A lighthearted, entertaining trip down Memory Lane (Kirkus Reviews), Dont Make Me Pull Over! offers a nostalgic look at the golden age of family road tripsbefore portable DVD players, smartphones, and Google Maps.The birth of Americas first interstate highways in the 1950s hit the gas pedal on the road trip phenomenon and families were soon streamingsans seatbelts!to a range of sometimes stirring, sometimes wacky locations. In the days before cheap air travel, families didnt so much take vacations as survive them. Between home and destination lay thousands of miles and dozens of annoyances, and with his family Richard Ratay experienced all of themfrom being crowded into the backseat with noogie-happy older brothers, to picking out a souvenir only to find that a better one might have been had at the next attraction, to dealing with a dad who didnt believe in bathroom breaks.Now, decades later, Ratay offers an amiable guidefun and informative (New York Newsday) that goes down like a cold...
|Title||:||Don't Make Me Pull Over!: An Informal History of the Family Road Trip|
|Number of Pages||:||288 pages|
|Status||:||Available For Download|
|Last checked||:||21 Minutes ago!|
Don't Make Me Pull Over!: An Informal History of the Family Road Trip Reviews
If you grew up taking family vacations, this book will encourage you to reminisce on those many vacations with family.
I grew up taking long Sunday drives or weekend trips to visit family. Since I was the only child at home, I didn't have the crazy fights over food or games in the back seat. I just had myself and books and puzzle books to keep me busy during the long drives.
As a parent, we have taken our three children on a vacation every year since our first son was 6 months old. We have spent ...more
I really enjoyed this telling of the history of family road trips in America. Although the trips were set in the 1970's because of the author's age, he goes into great detail (wonderfully!) about the history of such things as the beginning of: roads in America, roadside motels & restaurants, fast food, video/arcade games, and air travel. But what I liked most was his description of his family jammed into the car for miles on end playing family road games, singing songs, and generally pesteri ...more
This is a great and entertaining book that provides a history of family road trips from the post-war era. It includes a history of the interstate highway system, drive through restaurants, amusement parks, motels, and even airline deregulation. The author was the youngest of four in a 1970s road tripping family, and his stories of driving in giant cars, through the night, with a dad more concerned about making time than stopping for food, bathroom or sleep breaks were hilarious and will resonate ...more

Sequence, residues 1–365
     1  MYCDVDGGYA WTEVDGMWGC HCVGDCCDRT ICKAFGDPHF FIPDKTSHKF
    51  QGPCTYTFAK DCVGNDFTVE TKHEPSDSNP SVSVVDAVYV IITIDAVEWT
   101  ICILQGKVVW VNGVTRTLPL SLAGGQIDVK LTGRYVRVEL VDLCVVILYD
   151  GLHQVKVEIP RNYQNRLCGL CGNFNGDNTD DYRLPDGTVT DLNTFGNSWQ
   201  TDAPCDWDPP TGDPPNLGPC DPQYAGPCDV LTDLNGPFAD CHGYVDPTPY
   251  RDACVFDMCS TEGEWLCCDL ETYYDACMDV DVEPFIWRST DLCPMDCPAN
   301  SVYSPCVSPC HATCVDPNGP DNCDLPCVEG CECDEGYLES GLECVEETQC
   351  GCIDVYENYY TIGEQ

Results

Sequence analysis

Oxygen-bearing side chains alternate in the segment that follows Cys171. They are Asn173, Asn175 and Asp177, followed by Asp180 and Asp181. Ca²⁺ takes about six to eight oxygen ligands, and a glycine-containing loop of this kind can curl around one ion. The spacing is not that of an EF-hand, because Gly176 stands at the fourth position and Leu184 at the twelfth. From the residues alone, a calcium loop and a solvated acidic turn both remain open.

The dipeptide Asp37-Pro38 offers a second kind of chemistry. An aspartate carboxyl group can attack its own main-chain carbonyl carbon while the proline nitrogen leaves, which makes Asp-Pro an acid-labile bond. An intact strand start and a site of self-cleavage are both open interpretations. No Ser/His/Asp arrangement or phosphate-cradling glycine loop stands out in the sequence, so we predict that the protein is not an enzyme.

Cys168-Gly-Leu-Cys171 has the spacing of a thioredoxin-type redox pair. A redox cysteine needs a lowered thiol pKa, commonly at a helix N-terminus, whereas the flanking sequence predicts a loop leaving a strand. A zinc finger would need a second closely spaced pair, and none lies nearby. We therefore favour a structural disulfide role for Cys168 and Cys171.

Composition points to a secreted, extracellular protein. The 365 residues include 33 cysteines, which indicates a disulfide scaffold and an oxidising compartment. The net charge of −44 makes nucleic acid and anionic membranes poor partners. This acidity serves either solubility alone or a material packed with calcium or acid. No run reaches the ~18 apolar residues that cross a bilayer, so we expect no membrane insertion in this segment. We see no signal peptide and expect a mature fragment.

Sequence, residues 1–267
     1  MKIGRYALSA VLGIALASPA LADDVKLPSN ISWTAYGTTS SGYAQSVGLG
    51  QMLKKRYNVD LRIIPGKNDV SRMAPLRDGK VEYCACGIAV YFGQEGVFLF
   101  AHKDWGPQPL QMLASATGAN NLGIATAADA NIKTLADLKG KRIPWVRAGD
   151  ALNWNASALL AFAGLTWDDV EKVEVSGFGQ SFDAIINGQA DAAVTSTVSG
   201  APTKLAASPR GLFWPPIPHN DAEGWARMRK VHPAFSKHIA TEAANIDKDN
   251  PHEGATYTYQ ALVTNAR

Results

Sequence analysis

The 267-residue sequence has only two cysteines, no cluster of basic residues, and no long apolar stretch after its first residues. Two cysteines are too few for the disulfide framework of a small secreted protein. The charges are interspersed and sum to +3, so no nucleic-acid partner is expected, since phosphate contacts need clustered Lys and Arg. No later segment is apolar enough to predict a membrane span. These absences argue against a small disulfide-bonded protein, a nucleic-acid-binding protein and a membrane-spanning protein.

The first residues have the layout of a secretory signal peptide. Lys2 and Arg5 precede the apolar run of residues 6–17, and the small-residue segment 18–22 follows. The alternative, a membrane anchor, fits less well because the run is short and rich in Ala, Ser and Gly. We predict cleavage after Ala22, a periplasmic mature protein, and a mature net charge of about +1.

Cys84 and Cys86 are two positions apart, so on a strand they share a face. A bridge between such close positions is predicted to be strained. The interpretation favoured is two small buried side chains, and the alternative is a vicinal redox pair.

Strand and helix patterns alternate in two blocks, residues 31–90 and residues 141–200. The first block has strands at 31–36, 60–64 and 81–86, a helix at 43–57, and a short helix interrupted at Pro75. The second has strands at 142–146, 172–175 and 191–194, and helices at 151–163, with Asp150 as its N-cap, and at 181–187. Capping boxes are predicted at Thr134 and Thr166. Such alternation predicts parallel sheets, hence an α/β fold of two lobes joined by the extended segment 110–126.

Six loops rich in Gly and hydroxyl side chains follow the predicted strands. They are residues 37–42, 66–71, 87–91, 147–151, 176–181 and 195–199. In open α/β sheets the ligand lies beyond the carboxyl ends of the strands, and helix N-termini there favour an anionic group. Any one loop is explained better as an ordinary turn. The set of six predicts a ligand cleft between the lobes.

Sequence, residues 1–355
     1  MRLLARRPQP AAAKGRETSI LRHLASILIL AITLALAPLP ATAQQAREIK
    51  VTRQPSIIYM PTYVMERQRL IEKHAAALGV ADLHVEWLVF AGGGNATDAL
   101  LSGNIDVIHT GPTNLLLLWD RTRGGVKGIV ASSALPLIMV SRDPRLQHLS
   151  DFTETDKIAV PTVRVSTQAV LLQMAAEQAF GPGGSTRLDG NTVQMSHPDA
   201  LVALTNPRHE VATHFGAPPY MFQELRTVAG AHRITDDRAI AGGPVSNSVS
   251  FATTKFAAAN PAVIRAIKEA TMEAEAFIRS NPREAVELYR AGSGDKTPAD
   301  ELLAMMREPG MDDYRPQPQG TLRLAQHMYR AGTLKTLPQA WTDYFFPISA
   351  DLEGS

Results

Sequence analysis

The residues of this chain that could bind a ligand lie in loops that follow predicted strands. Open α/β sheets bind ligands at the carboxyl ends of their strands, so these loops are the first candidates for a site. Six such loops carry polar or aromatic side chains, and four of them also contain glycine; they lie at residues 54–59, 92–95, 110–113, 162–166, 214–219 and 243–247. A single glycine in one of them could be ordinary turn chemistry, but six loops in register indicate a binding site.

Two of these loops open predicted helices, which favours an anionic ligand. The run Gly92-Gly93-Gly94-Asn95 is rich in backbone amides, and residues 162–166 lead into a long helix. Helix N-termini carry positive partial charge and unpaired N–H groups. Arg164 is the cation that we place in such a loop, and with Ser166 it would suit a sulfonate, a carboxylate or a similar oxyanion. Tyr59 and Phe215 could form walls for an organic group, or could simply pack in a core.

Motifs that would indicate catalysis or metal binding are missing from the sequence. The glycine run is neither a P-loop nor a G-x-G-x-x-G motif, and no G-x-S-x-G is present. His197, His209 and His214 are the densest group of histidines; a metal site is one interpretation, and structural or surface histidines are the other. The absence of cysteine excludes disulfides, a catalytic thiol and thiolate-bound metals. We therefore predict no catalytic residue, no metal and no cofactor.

His trips can't compare with ours. . . Actually, what I enjoyed most was the factual parts, the history of the road systems, motels, etc.
This is an entertaining (and very informative account) of what it was like to take family road trips in the sixties and seventies, and it brought back vivid memories of my own family road trips with my parents and brothers that we took throughout the decade of the 1960s. It was certainly a different world in those days, and "Don't Make Me Pull Over!" captured exactly what it was like to be crammed inside a car for a week or so while so many new places flashed by outside the car's closed windows. ...more
If the cover and the title make you curious about the book, chances are, you will enjoy it. The design evokes nostalgia and humor, and Richard Ratay delivers both. In between reminiscences of family road trips from his own childhood in the 1970s, Ratay explores some of the aspects of road tripping, such as the interstate highway system, rest stops, and drive-thru restaurants. He looks at the rise of automobile travel, paved roads, camping, and motels. Some detours include thoughts on video games ...more
How many times have you heard that as a kid?? While an age contemporary of the author, my family never took a road trip anywhere but I had friends who did and my husband did and I lived them through their stories.
This book is so much more than reminiscing about being packed into a car the size of a boat and barely being let out for food or bladder relief until the destination was reached. What is it about dads anyway? I may not have taken road trips when I was a kid, but once married with kids ...more
Wonderful history of American travel, not just family road trips. As one reads, memories good and bad will come to every reader. Even though long road trips have gone out of fashion, we continued to take them with our kids, even today as they are adults. They are a special bonding for families and never fail to give a good travel story or adventure, that faster plane travel cannot provide. Part non fiction and part memoir. Recommend to those who enjoy travelouges and fond memories.